What is the number one thing that adds to the cost of running an airplane?
Why go and reinvent the wheel in regards to ethernet and Cat5?
Cat5 is wasteful. Ethernet needs 2 pairs of wires, or four cords total. Cat5 has six. Why? Corporate convenience. You are wiring an office building, for most corporate wiring jobs, your costs are in labor and time. Weight (below a sane threshold) has zero bearing on cost, except maybe for shipment. It is nice to have some overhead to run future services over, such as digital telephone systems or Power over Ethernet (PoE).
Airlines are the exact opposite. You install the wiring once, and you pay for it each and every time the plane takes off.
So companies come up with various standards for reducing this weight. When you have literally tens of thousands of miles of cable in an airplane, reducing the wire weight by 1/3rd can make a big difference!
Then they start fighting over whose standard is better. Boeing used to prefer a way that was a single pair put together. Almost no cross talk, interference is dropped to nill, really cool advantages. It can do some really long wire runs. The disadvantage is that you need to use 2 of these for each ethernet drop, since as said above, ethernet needs 2 pair.
Airbus pushed a standard that uses 4 pairs. It also has some cool electrical specs on it, though not quite as good as the Boeing stuff.
Both standards blow the pants off of CAT5 though, in every respect possible.
Of course the standard RJ45 connector is no longer any good, not to mention that it never held up to (nor was it designed to!) vibration and stress requirements. So you have these connectors that cost $5 or more apiece, and are huge and made out of steel. I couldn’t figure it out at first, until the first time a tech document mentioned vibration, then it hit me. Having your plane’s computers vibrate themselves off of your LAN is not a good thing!
These end connectors are so well measured and defined, that the increase in signal loss that will occur each time you plug and unplug the connector is well defined.
It is not that RJ45 is unreliable per say, but we have all had RJ45 cables where the little plastic snap thingy falls off and the cord subsequently tends to fall out. For consumer stuff, this is not a problem. Unplug the cord, cut off the current RJ45 connector, and crimp on another one. If you don’t know how, you can learn in just a few minutes, it very easy unless you are color blind. (Not a joke CAT5 cords are color coded, each ethernet cord has 12 small wires inside of it, each in a colored plastic cover.)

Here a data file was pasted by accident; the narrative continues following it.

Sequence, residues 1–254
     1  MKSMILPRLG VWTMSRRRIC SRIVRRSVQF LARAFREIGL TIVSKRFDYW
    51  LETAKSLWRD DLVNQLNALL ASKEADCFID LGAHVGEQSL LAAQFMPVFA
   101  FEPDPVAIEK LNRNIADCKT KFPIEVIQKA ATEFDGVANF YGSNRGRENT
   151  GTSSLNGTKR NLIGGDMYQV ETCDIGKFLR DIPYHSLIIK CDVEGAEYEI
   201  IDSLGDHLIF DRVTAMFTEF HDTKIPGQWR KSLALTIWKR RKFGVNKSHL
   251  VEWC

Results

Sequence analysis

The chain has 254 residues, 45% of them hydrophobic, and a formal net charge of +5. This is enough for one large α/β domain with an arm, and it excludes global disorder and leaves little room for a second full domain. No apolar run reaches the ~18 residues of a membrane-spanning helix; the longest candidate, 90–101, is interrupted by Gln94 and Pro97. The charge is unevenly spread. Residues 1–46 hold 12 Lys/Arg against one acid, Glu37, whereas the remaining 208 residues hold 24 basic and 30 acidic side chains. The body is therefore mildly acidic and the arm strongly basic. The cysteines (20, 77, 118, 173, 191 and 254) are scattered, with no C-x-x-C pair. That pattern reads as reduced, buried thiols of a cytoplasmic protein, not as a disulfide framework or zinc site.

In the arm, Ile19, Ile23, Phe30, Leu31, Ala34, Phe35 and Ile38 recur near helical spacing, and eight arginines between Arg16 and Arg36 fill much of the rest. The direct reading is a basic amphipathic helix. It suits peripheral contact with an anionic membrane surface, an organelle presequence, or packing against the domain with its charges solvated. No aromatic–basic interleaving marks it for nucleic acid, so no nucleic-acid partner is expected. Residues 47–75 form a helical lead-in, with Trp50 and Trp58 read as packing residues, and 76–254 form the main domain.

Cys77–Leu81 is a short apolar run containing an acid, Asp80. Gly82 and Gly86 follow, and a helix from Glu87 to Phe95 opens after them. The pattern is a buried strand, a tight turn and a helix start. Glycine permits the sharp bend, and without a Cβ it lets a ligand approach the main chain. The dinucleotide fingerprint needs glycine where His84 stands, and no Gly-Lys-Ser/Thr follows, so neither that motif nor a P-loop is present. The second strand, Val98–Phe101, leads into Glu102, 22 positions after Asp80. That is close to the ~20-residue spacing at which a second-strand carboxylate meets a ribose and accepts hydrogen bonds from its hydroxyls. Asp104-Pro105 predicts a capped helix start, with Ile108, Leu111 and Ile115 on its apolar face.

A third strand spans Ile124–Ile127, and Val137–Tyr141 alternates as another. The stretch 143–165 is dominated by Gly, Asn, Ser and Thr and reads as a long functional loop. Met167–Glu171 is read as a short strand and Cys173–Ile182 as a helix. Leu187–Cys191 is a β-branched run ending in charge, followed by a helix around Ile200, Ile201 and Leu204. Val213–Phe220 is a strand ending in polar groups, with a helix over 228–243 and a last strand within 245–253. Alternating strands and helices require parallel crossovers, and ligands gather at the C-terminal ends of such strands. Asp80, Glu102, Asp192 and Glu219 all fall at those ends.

On an airplane, it can be significantly harder to do this given that:
- You have many magnitudes more wires with a far simplier wiring layout, so isolating the fault is not as simple.
- You are flying in an airplane!
Doing network debugging and troubleshooting at 10k feet does not seem like a good idea to me.
Oh, and of course, everything in airplanes is redundent. Redundant nics, redundant wires, the entire network is redundant.
You want to know how paranoid the airline industry is?
They looked at ethernet, went “Hey, that is a good idea. But, umm, we’re going to have two plugs on each device, and each device will be hooked in to two different routers. Ah, that’s better.”
That is paranoid folks.
Not unfairly so, everyone working around networks has also likely encountered a switch or a hub that for some weird reason, has dead ports on it.
I also figured out why the MTBF listed for a given part electronic part on a plane tends to be 2/3rds the industry standard for that part.
Once again, vibration.
Pick up the monitor in front of you. Now shake the living crud out of it. Keep doing that for a bit. Good. Now repeat it every four or five hours. I am sure you can imagine that if you keep it up, you are going to reduce the lifespan of your monitor. 🙂
 Mean Time Between Failure. A measure in hours of how long until a part, on average, will die. Given because you want to know how long an investment in a given part will last so you can amortize it over time, and also so you can give a best guess estimate as to when to replace the part before it does fail, in the case of mission critical applications.